A chemical oxygen demand (COD) test is used to measure the amount of organic compounds in a water sample. It measures the capacity of water to consume oxygen during the decomposition of organic matter and the oxidation of inorganic chemicals such as Ammonia and nitrate.
The most common method uses COD vials with overall results being achieved in approx 2-3 hours. Before you start, make sure you choose the COD vials that will measure over the range of COD mg/L you expect to find in your water sample. Watch our video below to see the three simple steps it takes to measure COD using these vials. You can purchase this handy bundle containing all of the equipment needed to get you started with COD measurements.
Can I use Mercury Free vials?
Mercury is an element that is highly toxic to humans, animals and ecosystems. Standard COD vials contain mercury sulphate to remove chloride in a sample, a contaminate which needs to be removed to achieve an accurate COD reading. If you know your samples do not contain chloride, or exists at very low levels, mercury free vials can be used.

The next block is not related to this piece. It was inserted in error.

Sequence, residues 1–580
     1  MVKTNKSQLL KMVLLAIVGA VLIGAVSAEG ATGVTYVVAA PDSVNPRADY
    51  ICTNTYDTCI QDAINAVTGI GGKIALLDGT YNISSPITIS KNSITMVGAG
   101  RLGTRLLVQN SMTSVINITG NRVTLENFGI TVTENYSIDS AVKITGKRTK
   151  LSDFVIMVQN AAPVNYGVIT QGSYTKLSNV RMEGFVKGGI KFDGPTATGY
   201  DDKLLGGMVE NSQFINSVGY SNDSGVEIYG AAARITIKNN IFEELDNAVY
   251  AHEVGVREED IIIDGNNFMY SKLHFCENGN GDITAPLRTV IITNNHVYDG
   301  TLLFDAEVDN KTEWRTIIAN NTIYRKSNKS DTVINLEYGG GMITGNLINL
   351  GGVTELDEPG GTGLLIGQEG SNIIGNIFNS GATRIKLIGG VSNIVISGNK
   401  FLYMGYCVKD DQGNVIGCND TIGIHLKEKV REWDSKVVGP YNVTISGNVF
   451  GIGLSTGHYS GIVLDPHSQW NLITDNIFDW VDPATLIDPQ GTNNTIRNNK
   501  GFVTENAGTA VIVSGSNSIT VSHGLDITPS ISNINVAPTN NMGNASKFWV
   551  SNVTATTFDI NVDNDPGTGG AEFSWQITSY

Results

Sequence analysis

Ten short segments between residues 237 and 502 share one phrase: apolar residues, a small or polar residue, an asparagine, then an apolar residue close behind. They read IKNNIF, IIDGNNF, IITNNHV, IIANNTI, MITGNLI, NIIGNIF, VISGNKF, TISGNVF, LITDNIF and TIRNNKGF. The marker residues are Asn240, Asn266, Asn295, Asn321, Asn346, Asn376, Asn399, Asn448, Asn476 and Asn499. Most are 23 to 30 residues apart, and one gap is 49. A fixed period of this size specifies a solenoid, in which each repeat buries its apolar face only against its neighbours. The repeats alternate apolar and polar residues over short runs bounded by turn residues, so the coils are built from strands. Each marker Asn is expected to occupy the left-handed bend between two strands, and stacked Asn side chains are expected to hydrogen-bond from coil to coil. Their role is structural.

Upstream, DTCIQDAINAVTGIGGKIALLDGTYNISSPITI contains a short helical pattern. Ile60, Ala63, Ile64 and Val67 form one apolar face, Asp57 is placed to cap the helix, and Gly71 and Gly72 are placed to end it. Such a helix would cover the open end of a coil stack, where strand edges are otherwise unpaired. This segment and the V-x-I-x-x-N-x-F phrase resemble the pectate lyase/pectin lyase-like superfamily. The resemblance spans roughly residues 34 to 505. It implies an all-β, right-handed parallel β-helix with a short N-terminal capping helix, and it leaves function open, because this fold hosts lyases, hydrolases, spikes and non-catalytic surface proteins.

You can test whether mercury free vials would be suitable for your testing if you compare results of the same sample with both mercury containing and mercury free vials. Another contaminate that can interfere with mercury free vials is Ammonia. Below are they levels of chloride and ammonia that are acceptable with use with mercury free vials.
- Low range, 0-150 mg/L – Chloride 0 – 100 mg/L – Ammonia 0 – 50 mg/L
- High range, 0-1500 mg/L – Chloride 0 – 200 mg/L – Ammonia 0 – 50 mg/L
- Ultra High range, 0 – 15,000 mg/L – Chloride 0 – 2000 mg/L – Ammonia 0 – 500 mg/
For more information on anything COD get in touch with our technical team on 01954233120, send us an email firstname.lastname@example.org or fill in the form below.